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The New York Public Library Celebrates the 20th Anniversary of the Americans with Disabilities Act with Programming Throughout the Month

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New York, NY – In commemoration of the signing of the twentieth anniversary of the Americans with Disabilities Act, The New York Public Library with host a series of free programs regarding disabilities throughout July held at the Mid-Manhattan Library located at 455 Fifth Avenue. The programs currently scheduled include: All programs will have Real-time (CART) captioning, and assistive listening devices will be available. ASL interpreters will also be provided.

"ADA Access: Levelling the Playing Field," with Ted Finkelstein, Director of Project Equal Access, NYC Commission on Human Rights and Joel D. Ziev, Ed.D. Director, Partners for Access.
Wed., July 14, 2010 6:30 p.m.

Fully accessible to wheelchairs. Real-time (CART) captioning and ASL interpretation will be provided, and assistive listening devices will be available. The Americans with Disabilities Act (ADA) of 1990 was signed into law by President George H. W. Bush on July 26, 1990. Many people with disabilities regard the wide-ranging bill as their civil rights law. This program will provide an overview of the most important aspects of the law and how it has been, and is being, implemented in practical ways to meet the goal of giving people with a wide range of abilities equal access and freedom from discrimination. Ted Finkelstein will speak about the New York City Human Rights Commission and Project Equal Access, which aims to make New York City more accessible in housing and public accommodations. Dr. Joel Ziev will address current trends in disability access with a primary focus on enhancing programmatic access for people who are Deaf, hard of hearing, blind or have low vision. Audience participation will be encouraged.

"Hearing Loss and the ADA," with Lise Hamlin, Director of Public Policy and State Development, Hearing Loss Association of America and Amy Boyle, Director of Public Education, Center for Hearing and Communication.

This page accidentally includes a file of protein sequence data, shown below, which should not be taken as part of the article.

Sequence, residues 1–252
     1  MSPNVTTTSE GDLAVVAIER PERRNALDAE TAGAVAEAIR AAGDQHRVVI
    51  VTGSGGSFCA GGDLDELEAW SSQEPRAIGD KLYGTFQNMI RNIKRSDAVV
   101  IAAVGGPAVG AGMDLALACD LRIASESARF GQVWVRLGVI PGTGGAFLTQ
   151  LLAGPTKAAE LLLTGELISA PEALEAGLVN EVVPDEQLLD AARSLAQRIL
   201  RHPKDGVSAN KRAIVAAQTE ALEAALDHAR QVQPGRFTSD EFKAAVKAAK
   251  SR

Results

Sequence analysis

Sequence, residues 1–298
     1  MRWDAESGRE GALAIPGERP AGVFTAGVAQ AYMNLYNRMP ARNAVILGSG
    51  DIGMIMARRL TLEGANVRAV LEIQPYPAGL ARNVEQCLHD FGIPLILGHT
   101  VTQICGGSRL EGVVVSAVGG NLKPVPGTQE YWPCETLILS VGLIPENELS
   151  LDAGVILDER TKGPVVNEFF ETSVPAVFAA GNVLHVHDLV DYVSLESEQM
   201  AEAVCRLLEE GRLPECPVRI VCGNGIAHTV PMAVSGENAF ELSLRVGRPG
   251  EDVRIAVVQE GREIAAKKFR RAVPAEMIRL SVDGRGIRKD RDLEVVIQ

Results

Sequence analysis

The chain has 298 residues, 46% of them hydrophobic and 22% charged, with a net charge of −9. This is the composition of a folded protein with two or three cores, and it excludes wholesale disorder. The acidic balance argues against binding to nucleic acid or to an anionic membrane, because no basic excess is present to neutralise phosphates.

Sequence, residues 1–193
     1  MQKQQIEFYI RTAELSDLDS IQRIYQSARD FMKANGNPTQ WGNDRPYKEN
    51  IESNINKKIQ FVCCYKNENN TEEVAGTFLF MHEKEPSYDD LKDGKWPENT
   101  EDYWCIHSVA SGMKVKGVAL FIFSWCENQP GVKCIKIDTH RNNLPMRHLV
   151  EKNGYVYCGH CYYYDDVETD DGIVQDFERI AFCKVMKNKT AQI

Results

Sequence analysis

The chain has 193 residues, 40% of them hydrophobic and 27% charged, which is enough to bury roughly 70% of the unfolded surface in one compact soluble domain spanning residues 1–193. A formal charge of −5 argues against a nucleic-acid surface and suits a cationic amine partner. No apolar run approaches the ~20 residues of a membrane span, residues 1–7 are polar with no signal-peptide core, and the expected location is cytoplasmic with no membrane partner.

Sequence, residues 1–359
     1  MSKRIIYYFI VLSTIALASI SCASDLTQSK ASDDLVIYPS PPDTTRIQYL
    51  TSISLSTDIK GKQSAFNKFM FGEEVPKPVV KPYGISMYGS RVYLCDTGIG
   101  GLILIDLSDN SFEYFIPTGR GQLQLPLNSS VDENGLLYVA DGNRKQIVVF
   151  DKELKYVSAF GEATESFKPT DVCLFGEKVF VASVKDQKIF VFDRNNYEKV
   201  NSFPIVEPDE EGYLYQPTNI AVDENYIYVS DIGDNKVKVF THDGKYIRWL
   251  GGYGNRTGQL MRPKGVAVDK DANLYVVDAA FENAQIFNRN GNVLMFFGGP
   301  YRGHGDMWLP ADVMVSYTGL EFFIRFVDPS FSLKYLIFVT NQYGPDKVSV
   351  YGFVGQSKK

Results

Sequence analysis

Wed., July 21, 2010 6:30 p.m.

Fully accessible to wheelchairs. Real-time (CART) captioning and ASL interpretation will be provided and assistive listening devices will be available. This program brings together speakers from two of the leading organizations in the country that empower those with hearing loss to participate fully in life. Ms. Hamlin will focus on current issues regarding access and Ms. Boyle will speak about the services of the Center for Hearing and Communication as well as the newest assistive technology for those with hearing loss. She will bring samples of several assistive devices to demonstrate.

Twenty Years of the ADA: A Look Back, A Look Forward, and Where We Are Now," with Paul J. Tobin, President and CEO, United Spinal Association and Lawrence Carter-Long, Disability Rights Activist.
July 28, 2010 6:30 p.m.

Fully accessible to wheelchairs. Real-time (CART) captioning will be provided and assistive listening devices will be available.
Two experts in the field of disability rights and activism will converse with each other and the audience about what the ADA has meant for people with disabilities. What has the actual impact been? Have opportunities for people with disabilities improved in the two decades since the ADA was passed? Should we be celebrating? Join us for what is certain to be a spirited community discussion.


About The New York Public Library
The New York Public Library was created in 1895 with the consolidation of the private libraries of John Jacob Astor and James Lenox with the Samuel Jones Tilden Trust. The Library provides free and open access to its physical and electronic collections and information, as well as to its services. Its renowned research collections are located in the Stephen A. Schwarzman Building at Fifth Avenue and 42nd Street; The New York Public Library for the Performing Arts at Lincoln Center; the Schomburg Center for Research in Black Culture in Harlem; and the Science, Industry and Business Library at 34th Street and Madison Avenue. Eighty-eight branch libraries provide access to circulating collections and a wide range of other services in neighborhoods throughout the Bronx, Manhattan, and Staten Island. Research and circulating collections combined total more than 50 million items. In addition, each year the Library presents thousands of exhibitions and public programs, which include classes in technology, literacy, and English for speakers of other languages. All in all The New York Public Library serves more than 17 million patrons who come through its doors annually and millions more around the globe who use its resources at www.nypl.org.

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Contact: Jon Pace| 212.592.7710 | Jonathan_Pace@nypl.org

 

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